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 641 E. 112th Avenue - Northglenn, CO 80233 circle  Phone: (303) 428-0310
E-mail: info@arcadams.org circle Fax: (303) 650-9070

Rights!

A person receiving services and supports under the Colorado Developmental Disabilities System has the same rights and responsibilities guaranteed to all individuals under federal and state constitutions and federal and state laws. These also include the rights found in Colorado Revised Statutes 27-10.5-112 through 123 and 128.

27-10.5-113, Right to individualized plan or individualized family service plan. (1) Each person receiving services shall have an individualized plan, an individualized family service plan, or a similar plan specified by the department that qualifies as an individualized plan, that is developed by the person's interdisciplinary team. The individualized family service plan for a child with disabilities from birth through two years of age shall be developed in compliance with part 7 of this article.

(2) Pursuant to section 27-10.5-106, the individualized plan for each person who receives services or supports shall be reviewed at least annually and modified as necessary or appropriate; except that an individualized family service plan for a child with disabilities from birth through two years of age shall be reviewed as required pursuant to part 7 of this article. A review shall consist of, but is not limited to, the determination by the interdisciplinary team as to whether the needs of the person receiving services or supports are accurately reflected in the plan, whether the services and supports provided pursuant to the plan are appropriate to meet the person's needs, and what actions are necessary for the plan to be achieved.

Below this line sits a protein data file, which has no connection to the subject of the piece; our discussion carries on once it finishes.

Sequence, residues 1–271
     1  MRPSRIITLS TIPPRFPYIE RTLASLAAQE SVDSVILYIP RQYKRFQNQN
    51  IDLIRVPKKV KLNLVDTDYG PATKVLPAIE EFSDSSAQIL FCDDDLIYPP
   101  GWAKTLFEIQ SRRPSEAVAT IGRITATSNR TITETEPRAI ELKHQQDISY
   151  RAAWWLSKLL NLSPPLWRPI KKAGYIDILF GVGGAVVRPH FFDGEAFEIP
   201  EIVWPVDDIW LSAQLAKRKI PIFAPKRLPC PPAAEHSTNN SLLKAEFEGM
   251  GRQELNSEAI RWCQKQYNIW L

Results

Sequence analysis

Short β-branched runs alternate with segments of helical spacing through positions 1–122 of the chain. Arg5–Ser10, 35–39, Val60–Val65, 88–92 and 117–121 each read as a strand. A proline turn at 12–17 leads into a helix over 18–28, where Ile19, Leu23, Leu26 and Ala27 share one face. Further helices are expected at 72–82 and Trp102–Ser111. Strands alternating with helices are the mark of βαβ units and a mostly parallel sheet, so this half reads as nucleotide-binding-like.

27-10.5-114, Right to medical care and treatment.

(1) Each person receiving services shall have access to appropriate dental and medical care and treatment for any physical ailments and for the prevention of any illness or disability.

(2) No medication for which a prescription is required shall be administered without the written order of a physician. A physician shall conduct a review of all prescriptions and other orders for medications in order to determine the appropriateness of the person's medication regimen annually, or more often, if required by law.

(3) All service agencies which administer medication shall require that notation of the medication of a person receiving services be kept in the person's medical records. All medications shall be administered pursuant to part 3 of article 1.5 of title 25, C.R.S.

(4) Persons receiving services shall have a right to be free from unnecessary or excessive medication. The service agency's records shall state the effects of psychoactive medication if administered to the person receiving services. When dosages of such are changed or other psychoactive medications are prescribed, a notation shall be made in such person's record concerning the effect of the new medication or new dosages and the behavior changes, if any, which occur

(5) Medication shall not be used for the convenience of the staff, for punishment, as a substitute for a treatment program, or in quantities that interfere with the treatment program of the person receiving services.